Heroin is one of the most widely abused drugs in the US, especially in poor and rural communities. It is an opioid that causes serious chemical dependency and tolerance. Detoxing from heroin can be difficult, but a treatment center will make it much easier. If you’re considering detoxing, you probably want to know what a heroin detox is like.
Many people prefer to know about detox symptoms and timelines so that they have a sense of what to expect. If you detox in a treatment center, you’ll have access to medical professionals who can ease the worst of the symptoms. Heroin withdrawal is difficult to handle alone. If you can’t check into a treatment center, it’s important not to be alone for the detox process. Heroin detox is not a life-threatening process, but the withdrawal symptoms can cause complications. People have been known to dehydrate themselves due to diarrhea. In addition, if a person relapses partway through the detox, they may be at a higher risk of overdose.
Timeline for Detox
The exact timeline of the detox will vary from person to person. Some of the factors that influence it include:
- How long you have been using heroin
- How much heroin you use on a daily basis
- How many times a day or week you use the drug
For most addicts, the first symptoms of withdrawal will set in anywhere from six to twelve hours after a dose. These symptoms will strengthen over the next few days, reaching their peak anywhere from 48 to 72 hours in. After the symptoms peak, they will begin to ease off. Though they won’t be as severe, they may still be uncomfortable. Most detox programs take at least a week before the drug is entirely removed from your system.
For people who have been using heroin for longer, they might experience symptoms for several weeks. Even after the physical symptoms of withdrawal subside, there are still psychological symptoms. The cravings for the drug can last anywhere from weeks to years. Some recovering addicts say that they still have some cravings several years later – but that they’re glad to be sober.
Symptoms of Withdrawal
As mentioned, detoxing from heroin is not immediately life-threatening. But because of the psychological complications, and because the physical symptoms can be debilitating, it’s recommended that people check into treatment centers for the process. One reason that some heroin addicts die during withdrawal is due to suicide
. The psychological effects of withdrawal can cause extreme anxiety and depression. It is also harder to manage your impulse control. This is part of why it’s vital that you have someone with you during withdrawal, whether you seek professional treatment or not. Overall, though, withdrawal symptoms have a huge range of severity.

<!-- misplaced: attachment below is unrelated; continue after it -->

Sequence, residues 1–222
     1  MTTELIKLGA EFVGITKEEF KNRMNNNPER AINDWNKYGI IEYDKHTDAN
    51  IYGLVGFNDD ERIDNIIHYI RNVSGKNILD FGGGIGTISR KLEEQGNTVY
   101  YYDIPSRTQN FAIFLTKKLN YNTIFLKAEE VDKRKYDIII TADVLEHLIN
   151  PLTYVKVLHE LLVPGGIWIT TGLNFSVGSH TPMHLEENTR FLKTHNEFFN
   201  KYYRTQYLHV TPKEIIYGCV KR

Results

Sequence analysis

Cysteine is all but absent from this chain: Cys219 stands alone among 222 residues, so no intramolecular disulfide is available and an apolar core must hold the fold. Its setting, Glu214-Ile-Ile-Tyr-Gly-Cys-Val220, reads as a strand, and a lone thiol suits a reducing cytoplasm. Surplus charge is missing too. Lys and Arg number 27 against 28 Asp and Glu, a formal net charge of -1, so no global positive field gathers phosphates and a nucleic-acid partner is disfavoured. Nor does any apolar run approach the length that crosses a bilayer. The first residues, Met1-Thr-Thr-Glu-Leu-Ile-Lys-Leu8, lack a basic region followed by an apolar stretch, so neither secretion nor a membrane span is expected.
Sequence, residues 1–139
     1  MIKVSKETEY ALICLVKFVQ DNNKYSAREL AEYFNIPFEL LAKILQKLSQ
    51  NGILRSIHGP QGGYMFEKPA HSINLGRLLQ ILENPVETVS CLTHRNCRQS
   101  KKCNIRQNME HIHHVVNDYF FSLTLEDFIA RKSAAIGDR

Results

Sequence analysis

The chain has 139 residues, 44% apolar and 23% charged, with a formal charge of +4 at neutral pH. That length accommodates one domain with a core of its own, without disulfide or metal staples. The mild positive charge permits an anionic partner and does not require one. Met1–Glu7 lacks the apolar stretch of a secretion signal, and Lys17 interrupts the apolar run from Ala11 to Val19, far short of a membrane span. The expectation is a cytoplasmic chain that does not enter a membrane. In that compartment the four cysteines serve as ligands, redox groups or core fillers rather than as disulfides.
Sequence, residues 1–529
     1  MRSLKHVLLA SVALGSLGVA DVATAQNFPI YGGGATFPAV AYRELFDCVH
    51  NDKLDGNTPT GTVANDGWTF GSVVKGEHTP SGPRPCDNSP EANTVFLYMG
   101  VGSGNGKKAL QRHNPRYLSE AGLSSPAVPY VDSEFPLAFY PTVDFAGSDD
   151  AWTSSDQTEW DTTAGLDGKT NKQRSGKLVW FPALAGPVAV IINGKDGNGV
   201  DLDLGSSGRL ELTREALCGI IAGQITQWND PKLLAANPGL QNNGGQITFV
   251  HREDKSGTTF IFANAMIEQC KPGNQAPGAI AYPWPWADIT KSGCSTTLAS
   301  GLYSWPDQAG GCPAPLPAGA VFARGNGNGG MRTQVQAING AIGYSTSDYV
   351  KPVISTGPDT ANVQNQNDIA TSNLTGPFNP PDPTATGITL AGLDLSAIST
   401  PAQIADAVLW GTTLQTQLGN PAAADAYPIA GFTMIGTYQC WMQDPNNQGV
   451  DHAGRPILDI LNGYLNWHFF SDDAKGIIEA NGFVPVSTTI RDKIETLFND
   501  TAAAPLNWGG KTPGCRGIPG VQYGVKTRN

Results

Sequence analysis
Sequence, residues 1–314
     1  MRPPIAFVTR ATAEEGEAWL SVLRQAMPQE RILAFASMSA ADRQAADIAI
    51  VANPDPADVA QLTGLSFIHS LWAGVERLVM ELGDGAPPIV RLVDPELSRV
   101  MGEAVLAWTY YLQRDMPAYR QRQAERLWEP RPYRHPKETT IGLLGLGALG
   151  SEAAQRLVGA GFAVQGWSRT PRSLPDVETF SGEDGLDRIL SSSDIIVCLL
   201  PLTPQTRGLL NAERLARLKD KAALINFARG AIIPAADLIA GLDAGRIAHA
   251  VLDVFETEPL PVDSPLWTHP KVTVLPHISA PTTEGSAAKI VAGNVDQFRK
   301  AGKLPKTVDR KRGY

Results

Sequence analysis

As with the timeline, more severe and long-lasting symptoms tend to be related to heavier drug use. In addition to nausea, vomiting, diarrhea, depression, and anxiety, the most common withdrawal symptoms are:
- Muscle aches and soreness
- Bone pain
- Dilated pupils
The process is difficult to weather, and it won’t be pleasant. But you don’t have to go through it alone. In fact, you shouldn’t go through it alone. There are caring professionals who want to help you successfully regain control of your life. If you weather the withdrawal process alone, you will be much more likely to relapse. In a treatment center, medical professionals will guide you through the worst of the illness. They will often use medication-assisted treatment to reduce the psychological and physical symptoms.
If you know that you have a problem and want to get help, you’ve already done one of the hardest things. It’s brave of you to reach out and take the help that’s offered. For many addicts, recovery doesn’t feel possible. The idea of living a happy and healthy life is just too much to imagine. But there are so many people who want to help make that a reality.
All you need to do is trust that the other side of detox will be worth seeing. You might not have close family or friends to talk to about your addiction. But there are counselors who will be happy to listen to your worries and point you in the direction of resources. To get started with your treatment options, call one of our trained counselors at 772-266-5320.